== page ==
From 1974 to 1978 I worked intensively on Dieri (Diyari), an Aboriginal language spoken in the far north of South Australia, mainly in Port Augusta and Marree. I completed my PhD, which was a descriptive grammar of Diyari, in 1978, and published a revised version with Cambridge University Press in 1981. I later published some texts in Diyari, and in 1988 together with Luise Hercus and Philip Jones published a life-history of Ben Murray, one of our main consultants, in the journal Aboriginal History.
Since 1978, jobs in the US, Australia, Hong Kong, Japan, Germany and the UK have kept me busy working on other languages and other topics. My last fieldtrip to South Australia was in 1977. At that time there were about 12 fluent speakers of Diyari, all aged over 50, and in the intervening years all of them have died (Ben Murray passed away in 1994 aged 101). According to the latest edition of Ethnologue Dieri (DIF) is now “extinct”.
This year I am taking my first sabbatical leave since starting work at SOAS over 7 years ago, and have had the opportunity to return to Australia for an extended visit and to start to think about Diyari again. In 2009 I was contacted by Greg Wilson, South Australian Department of Education and Children’s Services (DECS), who told me about a pilot project to introduce the language into schools in South Australia with sponsorship from the Dieri Aboriginal Corporation (DAC) (which just last year purchased Marree Station for the Dieri people – see photos) and financial support from the Australian Federal Department of Environment, Water, Heritage and the Arts (DEWHA). For the past year Greg has worked on creating a CD-ROM of basic language materials in Dieri (as the community members prefer to call it) recording words and simple sentences from a number of people in Port Augusta, Whyalla and Adelaide. At the beginning of this year DAC, with DEWHA funding, asked Greg to start a main phase project to develop Dieri language lessons for R-12 students. He had already produced a massive program for the neighbouring Arabana language, using materials from Luise Hercus’ grammar and dictionary, and working with a number of Arabana speakers, however it looked like the same would not be possible for Dieri as the level of language knowledge seemed much more fragmentary.
Last week Greg organised for me to visit South Australia and travel with him to Port Augusta to meet members of the Dieri community, especially Winnie Naylon and Renie Warren, and their children and grand-children. They are sisters, and the grand-daughters of one of my main consultants from the 1970s, the late Frieda Merrick. Frieda was born in 1885 (she passed away in 1978) and had spent her early years at Killalpaninna Mission that was run by Lutheran missionaries and where Dieri was the main language in use. Her husband Gottlieb Merrick had also been involved with the mission. Frieda spoke only Dieri to her daughters, one of whom was Suzie Kennedy, the mother of Renie and Winnie. I once had the opportunity to interview Suzie Kennedy in 1974 but she was very busy with her family and the opportunity to work with her didn’t arise again.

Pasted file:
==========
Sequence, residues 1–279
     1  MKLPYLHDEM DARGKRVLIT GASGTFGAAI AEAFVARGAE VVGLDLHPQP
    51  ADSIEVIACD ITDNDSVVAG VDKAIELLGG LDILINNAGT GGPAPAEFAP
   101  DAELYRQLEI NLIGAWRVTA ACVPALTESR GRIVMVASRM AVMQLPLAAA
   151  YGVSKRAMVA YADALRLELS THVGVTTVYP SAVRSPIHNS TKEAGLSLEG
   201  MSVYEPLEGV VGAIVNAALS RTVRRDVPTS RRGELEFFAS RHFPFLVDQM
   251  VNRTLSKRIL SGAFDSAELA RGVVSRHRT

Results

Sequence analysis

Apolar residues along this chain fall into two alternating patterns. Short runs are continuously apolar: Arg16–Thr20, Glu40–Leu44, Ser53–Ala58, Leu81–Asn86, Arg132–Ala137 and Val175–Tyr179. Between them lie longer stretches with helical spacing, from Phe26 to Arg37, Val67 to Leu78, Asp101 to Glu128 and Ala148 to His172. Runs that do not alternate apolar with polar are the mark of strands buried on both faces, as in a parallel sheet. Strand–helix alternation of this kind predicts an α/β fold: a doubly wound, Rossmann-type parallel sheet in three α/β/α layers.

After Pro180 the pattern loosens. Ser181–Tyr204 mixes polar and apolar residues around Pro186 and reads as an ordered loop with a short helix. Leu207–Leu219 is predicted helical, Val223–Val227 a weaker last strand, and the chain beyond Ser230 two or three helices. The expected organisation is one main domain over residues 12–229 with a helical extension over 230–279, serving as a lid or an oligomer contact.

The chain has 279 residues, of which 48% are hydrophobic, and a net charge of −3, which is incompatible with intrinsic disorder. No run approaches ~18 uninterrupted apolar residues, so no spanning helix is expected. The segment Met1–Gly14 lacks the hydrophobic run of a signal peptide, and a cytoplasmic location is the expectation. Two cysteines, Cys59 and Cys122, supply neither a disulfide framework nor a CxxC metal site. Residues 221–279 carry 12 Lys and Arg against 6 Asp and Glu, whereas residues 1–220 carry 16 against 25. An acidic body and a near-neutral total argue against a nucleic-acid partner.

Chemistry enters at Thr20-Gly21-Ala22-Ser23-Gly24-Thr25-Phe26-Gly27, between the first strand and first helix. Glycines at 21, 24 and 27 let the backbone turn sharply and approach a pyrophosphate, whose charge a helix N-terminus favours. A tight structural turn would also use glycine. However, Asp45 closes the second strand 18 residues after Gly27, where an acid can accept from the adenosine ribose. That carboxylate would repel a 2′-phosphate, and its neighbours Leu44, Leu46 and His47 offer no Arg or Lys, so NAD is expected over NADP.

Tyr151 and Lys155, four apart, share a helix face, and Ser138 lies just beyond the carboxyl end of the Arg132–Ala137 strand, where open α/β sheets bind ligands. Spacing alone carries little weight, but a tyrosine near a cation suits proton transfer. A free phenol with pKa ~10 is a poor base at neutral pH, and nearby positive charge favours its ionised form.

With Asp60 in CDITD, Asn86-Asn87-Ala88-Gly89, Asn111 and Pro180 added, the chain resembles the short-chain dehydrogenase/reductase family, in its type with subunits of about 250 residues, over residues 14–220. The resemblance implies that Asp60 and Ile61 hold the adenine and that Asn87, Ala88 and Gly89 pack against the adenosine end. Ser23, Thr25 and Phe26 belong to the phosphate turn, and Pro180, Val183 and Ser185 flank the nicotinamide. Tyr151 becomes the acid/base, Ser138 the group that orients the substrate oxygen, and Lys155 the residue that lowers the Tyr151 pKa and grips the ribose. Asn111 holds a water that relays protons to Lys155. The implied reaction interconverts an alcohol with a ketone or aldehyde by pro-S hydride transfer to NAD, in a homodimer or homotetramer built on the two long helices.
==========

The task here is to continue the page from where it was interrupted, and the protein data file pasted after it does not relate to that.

Renie Warren and her son Reg remembered me from my visits to study Dieri with their grand-mother (and great-grand-mother), and once initial shyness had passed, helped along by a few jokes (my saying nhawu parlali nganayi yingkangu and yidni piti thungka nganayi had the whole room in stitches), it turned out that Renie was very fluent in Dieri, easily able to converse and tell stories. She even told me yidni manyu marla yathayi Diyari yawarra ‘You speak Dieri really well’, quite a complement for someone who hadn’t spoken the language for 33 years!
Greg and I got to work on Lesson 1 of the Dieri language program, recording Winnie and Renie, as well as Reg, who is pretty fluent, despite having spent the past 20 years away from Dieri country working on various mining projects (he is currently working as a driving instructor for the massive dump trucks used to cart ore in the Pilbara). Renie’s grandson Robert also joined in with recording bird names.
So, Dieri (Diyari) is not extinct, indeed far from it. The language has been kept alive continuously within this family, and now I have had the pleasure of studying Dieri with five successive generations. In the future I hope to assist Greg and the community with development of further language learning materials.
Note: Thanks to Randy La Polla, Director of the Research Centre for Linguistic Typology at La Trobe University, for providing an ideal place to work for the past three months, including preparing for my
Dieri excursion. Thanks also to Greg Wilson, the DAC, and DEWHA for making the trip possible.